It has been documented that firms experiencing rapid growth by raising external financing and making capital investments subsequently have low stock returns, whereas firms experiencing contraction via divestiture, share repurchase, and debt retirement enjoy high future returns.1Cooper, Gulen, and Schill (2008) summarize the synergistic effect of firms' investment and financing activities by creating a simple measure of total asset growth. They show that in the United States during the period from 1968 to 2003, a value-weighted portfolio of stocks in the top asset-growth decile underperforms the portfolio of stocks in the bottom decile by 13% per year, and such cross-sectional return difference cannot be explained by standard asset pricing models. One of the most actively debated issues in the current finance literature is whether the negative effect of investment and financing on stock returns, as highlighted by the asset growth effect, is evidence of market inefficiency or can be viewed as a rational asset pricing result. From the behavioral camp, several mispricing-based explanations have been proposed. These explanations include (1) overinvestment and empire-building tendency of corporate managers (e.g., Titman, Wei, and Xie, 2004), (2) capital structure market timing when raising and retiring external financing (e.g., Baker and Wurgler, 2002), (3) earnings management prior to financing activities or acquisitions (e.g., Teoh et al., 1998a and Teoh et al., 1998b), and (4) excessive extrapolation on past growth by investors when they value firms (e.g., Lakonishok, Shleifer, and Vishny, 1994). From the rational asset pricing camp, the explanations center around the association between investment and expected return, albeit with some variations. For example, Cochrane, 1991 and Cochrane, 1996 and Liu, Whited, and Zhang (2009) study the discount rate effect of investments, i.e., firms making large investments are likely to be those with low discount rates. In Lyandres, Sun, and Zhang (2008) and Li, Livdan, and Zhang (2009), higher investments are associated with lower expected returns via both decreasing return to scale and the discount rate effect. Berk, Green, and Naik (1999) and Carlson, Fisher, and Giammarino (2004) further argue that firms have reduced risk and expected return after growth options are exercised through capital investments.2 It is difficult to empirically distinguish the mispricing hypothesis from the optimal investment hypothesis, because they offer similar predictions on the relation of corporate investments with both future stock returns and firms' future operating performance. To address this issue, recent studies have focused on conditional evidence in the U.S. by examining the effect of investment or financing on stock returns during subperiods or in subsamples of stocks. Titman, Wei, and Xie (2004) find that the negative investment-return relation is stronger among firms with greater managerial investment discretion, and is significant only during periods when external corporate governance is weak. Cooper, Gulen, and Schill (2008) similarly show that the asset growth effect on stock returns weakens during periods of heightened external corporate oversight, but becomes stronger following higher market returns when investor sentiment is stronger. In addition, Lipson, Mortal, and Schill (2011) show that the asset growth effect is greater among stocks with higher arbitrage costs measured by idiosyncratic return volatility. While these studies favor mispricing-based interpretations, Li and Zhang (2010) point out that in the q-theory model of corporate investment, the investment-return linkage should be stronger among firms facing higher investment and financing frictions. Empirically, they find relatively weak evidence for this prediction using various proxies for investments, investment frictions, and arbitrage costs. However, using a more comprehensive set of arbitrage cost measures, Lam and Wei (2011) report that the investment friction effect and the limits to arbitrage effect are supported by a similar amount of evidence. This study investigates the asset growth effect in international stock markets.3 We have two goals. The first is to examine whether the negative relation between asset growth and future stock returns exists in financial markets outside the U.S. An affirmative answer would alleviate the concern that the empirical pattern documented in the U.S. is due to chance or data-snooping. Second, we use the international data to evaluate the plausible economic causes of the asset growth effect. Our approach builds upon Li and Zhang (2010) and Lam and Wei (2011), but the large variation in the asset growth effect across countries and the large dispersion of country characteristics enable us to perform a new set of tests for evaluating competing theories. Using the Datastream-Worldscope data spanning the period from 1982 to 2010, we find evidence of a significant asset growth effect in the international equity markets. When we pool stocks across 42 countries outside the U.S. and sort them into equal-weighted decile portfolios based on annual asset growth rates (AG), the bottom AG decile outperforms the top decile by a significant 6.43% in the following year. When we form equal-weighted AG-sorted portfolios within each of the 42 countries, the return spread between the bottom and top AG portfolios, averaged across countries, is also significantly positive at 3.50% per year. The return-predictive power of asset growth remains significant after controlling for size, book-to-market, momentum, and operating profitability. We also find that the magnitude of the asset growth effect varies substantially across countries. For example, the equal-weighted annual return spreads between the bottom and top AG portfolios formed within each country range from −11% to 11%. The return spreads are positive in 30 countries (including the U.S.) but negative in 13 countries. Such cross-country divergence provides a rich ground for testing various hypotheses on the cause of the asset growth effect. Our cross-country analysis centers around two contrasting ideas that link the asset growth effect to various country characteristics in opposite ways. First, if the asset growth effect is due to mispricing, one would expect it to be stronger in countries where stocks are less efficiently priced and in countries where mispricing is difficult to arbitrage away. Further, if managerial empire-building, capital structure market timing, or accounting manipulation is behind the asset growth anomaly, one would expect this effect to be weaker in countries with stronger corporate governance, better investor protection, and less room for accounting manipulation. Second, if the asset growth effect is driven by optimal corporate investment decisions, one would expect this effect to be stronger in markets where stocks are more efficiently priced (i.e., prices staying closer to the fundamental values and the expected returns exhibiting closer relation with risks). Based on these ideas, we formulate three hypotheses and investigate them empirically. The first hypothesis we examine is on the relation between market efficiency and the asset growth effect. The optimal investment explanation suggests that the AG effect should be stronger among countries where stocks are more efficiently priced, whereas the mispricing explanation suggests the opposite. We consider four country-level proxies for the efficiency of a financial market. The first is Morck, Yeung, and Yu's (2000) stock return synchronicity (R2), which is negatively related to the amount of firm-specific information incorporated into individual stock prices. To compute R2, we regress weekly individual stock returns on the contemporaneous weekly market returns as well as two leads and two lags of the weekly market returns, and then take the average R-squared from the firm-level regressions within each country. The second is the future earnings response coefficient (FERC) developed in the accounting literature (e.g., Collins, Kothari, Shanken, and Sloan, 1994), which captures the extent to which stock price reflects information about future corporate earnings. The stock-level FERC is calculated as the sum of three coefficients on future earnings changes, which we obtain by regressing the firm's annual stock returns on its current year's earnings change, three leads of its annual earnings changes, and three leads of its annual stock returns. The country-level FERC is then given by the mean of the FERC estimates across all firms in the country. We use the developed-market status (DEV) provided by the International Finance Corporation as our third market efficiency proxy, in order to capture the idea that developed stock markets tend to be more informationally efficient than emerging ones. Following LaPorta, Lopez-de-Silanes, Shleifer, and Vishny (1997), our fourth variable, MKT, measures the importance of stock market to the economy. MKT is computed as the sum of cross-country rankings on the following three variables—the ratio of total stock market capitalization to the Gross Domestic Product (GDP), the number of publicly listed companies scaled by the population, and the number of initial public offerings (IPOs) scaled by the population. To quantify the magnitude of the asset growth effect in each country, we consider both the return spread (SPREAD) between the extreme AG portfolios and the slope coefficient (SLOPE) from the cross-sectional regression of stock returns on asset growth rates. Both equal-weighted and value-weighted versions of SPREAD and SLOPE are examined. Based on these measures, we find that the AG effect is stronger in countries with lower stock return synchronicity and higher future earnings response coefficients, in developed markets, and in economies where stock markets play a more important role. These results suggest that the return-predictive power of AG is stronger in countries with more efficient stock markets. Such evidence is supportive of the optimal investment explanation but is difficult to reconcile with the mispricing explanation. We further examine the role of market efficiency in explaining the AG effect under a specific q-theory prediction. Several recent studies (e.g., Chen, Novy-Marx, and Zhang, 2011) emphasize that the investment-return relation is conditional on firm profitability. We therefore construct alternative measures of country-level asset growth effect using portfolio sorts and regressions that control for firm-level return on equity. We find that even if we use these alternative measures, the four proxies for market efficiency continue to exhibit strong power to explain the cross-country difference in the AG effect. The second hypothesis we investigate is on the effect of limits to arbitrage. If the asset growth effect is due to mispricing, it should be stronger when mispricing is difficult to arbitrage away. Consistent with this hypothesis, Li and Zhang (2010), Lam and Wei (2011), and Lipson, Mortal, and Schill (2011) find that the asset growth effect in the U.S. is stronger among stocks with higher trading frictions. We evaluate this effect at the country level based on three measures of trading frictions, namely, the average idiosyncratic return volatility (IRISK, residual standard deviations when regressing daily individual stock returns onto market returns), the average stock liquidity (DVOL, dollar trading volume), and an indicator for short-sale permission (SHORT). In sharp contrast with the U.S. evidence from the existing studies, we find that the cross-country relation between the limits to arbitrage proxies and the AG effect is relatively weak. Only idiosyncratic return volatility IRISK exhibits some marginal explanatory power, while DVOL and SHORT always have an insignificant effect. Our results therefore suggest that the stock-level U.S. evidence in favor of the costly arbitrage explanation cannot be generalized to account for the cross-country difference in the asset growth effect. The third hypothesis we investigate is directly related to the potential causes of the asset growth effect under the mispricing explanation. Existing studies have identified several sources of mispricing associated with asset growth, such as firms' overinvestment tendency, opportunistic financing behavior, and earnings management practices. Under these explanations, the asset growth effect on stock return should be stronger among countries with less investor protection and lower accounting quality. Motivated by the law and finance literature, we consider four country-level proxies for investor protection. First, following the idea of LaPorta, Lopez-de-Silanes, Shleifer, and Vishny (2000) that legal origin matters for investor protection and corporate governance, we classify countries into English, French, German, and Scandinavian legal origins. Second, we adopt the La Porta, Lopez-de-Silanes, Shleifer, and Vishny (1998) measure of creditor rights index (CR), which is based on various aspects of legal protection on the rights of secured lenders in a country. Third, we use the revised anti-director rights index (AD) constructed by Djankov, McLiesh, and Shleifer (2007), which measures the protection of minority shareholders against expropriation by controlling shareholders. Fourth, the anti-self-dealing index (AS) is from Djankov, LaPorta, Lopez-de-Silanes, and Shleifer (2008) and captures the protection of outside investors against self-dealing by the controlling shareholders. We further follow the existing literature to construct two country-level proxies for the quality of accounting information. The first is the accounting quality index (ACCT) of LaPorta, Lopez-de-Silanes, Shleifer, and Vishny (1998) based on the reporting or omission of 90 items in corporate financial reporting. The second, earnings management score (EMS), is developed by Leuz, Nanda, and Wysocki (2003) to quantify the discretion by corporate insiders in managing reported earnings. However, from the cross-country regression analysis incorporating this extensive list of proxies, we find quite weak and sometimes conflicting evidence for the hypothesis that investor protection and accounting quality reduce the magnitude of the AG effect. In sum, our paper documents the existence of the asset growth effect in international stock markets and provides informative evidence to assess different hypotheses regarding this effect. As such, our study joins the expanding literature (e.g., McLean, Pontiff, and Watanabe, 2009; Hou, Karolyi, and Kho, 2011) that looks at international evidence for various forms of stock return predictability originally documented in the U.S. Our study also adds to the literature that attempts to disentangle competing explanations for the asset growth effect based on the U.S. data, e.g., Li and Zhang (2010), Lam and Wei (2011), and Lipson, Mortal, and Schill (2011). Relative to these studies, our incremental contribution is to take advantage of the wide dispersion in the asset growth effect across countries and offer a fresh set of perspectives. In particular, the international data enable us to examine the two hypotheses that have not been considered by the existing studies, namely, the effect of information efficiency and the effect of investor protection and accounting quality. In a contemporaneous study, Titman, Wei, and Xie (2011) show that access to external financing is an important determinant of the magnitude of the asset growth effect within the developed markets. Relative to their study, our analysis includes a more comprehensive set of country characteristics and covers both the developed and emerging markets. Overall, our study provides more supportive evidence for the optimal investment explanation than for the mispricing-based explanation. The remainder of the paper is organized as follows. Section 2 discusses the competing explanations of the asset growth effect and outlines testable hypotheses. Section 3 describes the data and provides evidence on the existence of the asset growth effect in international markets. Section 4 evaluates the hypotheses by analyzing the relation between country characteristics and the asset growth effect. Section 5 concludes.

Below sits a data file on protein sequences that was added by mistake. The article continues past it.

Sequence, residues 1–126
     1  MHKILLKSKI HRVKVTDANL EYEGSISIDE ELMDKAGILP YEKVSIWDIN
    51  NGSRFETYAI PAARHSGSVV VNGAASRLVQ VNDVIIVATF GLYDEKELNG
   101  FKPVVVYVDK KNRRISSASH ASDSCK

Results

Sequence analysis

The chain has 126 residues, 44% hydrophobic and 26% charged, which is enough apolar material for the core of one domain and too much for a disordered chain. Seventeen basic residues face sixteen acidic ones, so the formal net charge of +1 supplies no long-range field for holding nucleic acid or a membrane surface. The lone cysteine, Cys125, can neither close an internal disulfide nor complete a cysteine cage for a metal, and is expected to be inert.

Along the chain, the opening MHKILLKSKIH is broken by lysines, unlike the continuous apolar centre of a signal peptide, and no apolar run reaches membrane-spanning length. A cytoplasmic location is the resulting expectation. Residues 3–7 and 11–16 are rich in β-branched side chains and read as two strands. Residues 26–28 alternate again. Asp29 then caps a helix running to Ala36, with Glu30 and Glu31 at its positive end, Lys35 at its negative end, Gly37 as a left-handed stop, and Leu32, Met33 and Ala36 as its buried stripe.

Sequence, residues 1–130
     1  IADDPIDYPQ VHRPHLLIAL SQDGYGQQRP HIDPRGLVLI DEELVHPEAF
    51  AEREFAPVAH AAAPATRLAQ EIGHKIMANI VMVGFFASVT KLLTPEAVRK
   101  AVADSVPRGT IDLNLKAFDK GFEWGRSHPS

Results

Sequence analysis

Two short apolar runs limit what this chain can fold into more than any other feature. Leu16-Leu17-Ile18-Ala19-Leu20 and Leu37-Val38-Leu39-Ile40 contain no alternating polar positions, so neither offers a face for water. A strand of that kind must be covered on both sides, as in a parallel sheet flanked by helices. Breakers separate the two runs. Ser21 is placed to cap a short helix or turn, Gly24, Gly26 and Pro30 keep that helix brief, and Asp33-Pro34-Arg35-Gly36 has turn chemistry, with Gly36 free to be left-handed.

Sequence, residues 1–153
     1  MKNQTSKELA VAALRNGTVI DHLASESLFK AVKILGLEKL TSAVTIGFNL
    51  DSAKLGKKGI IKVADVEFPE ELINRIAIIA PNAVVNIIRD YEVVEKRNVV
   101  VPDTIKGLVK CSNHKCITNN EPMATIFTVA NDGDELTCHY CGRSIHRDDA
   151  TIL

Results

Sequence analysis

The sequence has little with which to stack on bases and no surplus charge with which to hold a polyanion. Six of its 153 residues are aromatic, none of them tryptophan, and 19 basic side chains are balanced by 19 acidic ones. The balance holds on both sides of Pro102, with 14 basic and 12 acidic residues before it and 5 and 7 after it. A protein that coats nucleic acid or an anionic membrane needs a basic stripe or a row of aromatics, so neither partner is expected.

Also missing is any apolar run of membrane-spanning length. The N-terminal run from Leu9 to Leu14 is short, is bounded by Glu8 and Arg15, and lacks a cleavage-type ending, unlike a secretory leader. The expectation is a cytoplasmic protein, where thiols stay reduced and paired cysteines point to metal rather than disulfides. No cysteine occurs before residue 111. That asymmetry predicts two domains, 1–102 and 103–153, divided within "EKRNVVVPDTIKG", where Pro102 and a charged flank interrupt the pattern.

نتیجه گیری انگلیسی
The existing literature documents a negative relation of firms' investment and financing activities with future stock returns. For example, Cooper, Gulen, and Schill (2008) show that U.S. firms with lower asset growth rates tend to have higher subsequent stock returns. However, there is a debate on whether such an empirical pattern is the result of market mispricing or can be viewed as an optimal corporate investment effect. Our study finds that the asset growth effect originally documented in the U.S. also exists in international equity markets. In addition, we provide informative evidence that allows us to evaluate the optimal investment explanation of the asset growth effect vis-à-vis the mispricing-based explanation. Across the 43 equity markets we examine, there are large differences in the asset growth effect and in various measures of market efficiency, trading frictions, investor protection, and accounting quality. The competing hypotheses predict that these country characteristics are related to the magnitude of the asset growth effect in different ways. Empirically, we find that the country characteristics possessing the strongest power to explain the magnitude of the asset growth effects are those related to market efficiency—the asset growth effect is stronger in markets that are more informationally efficient. On the other hand, the country characteristics representing limits to arbitrage, investor protection, and accounting quality have limited power to explain the variation of the asset growth effect across international markets.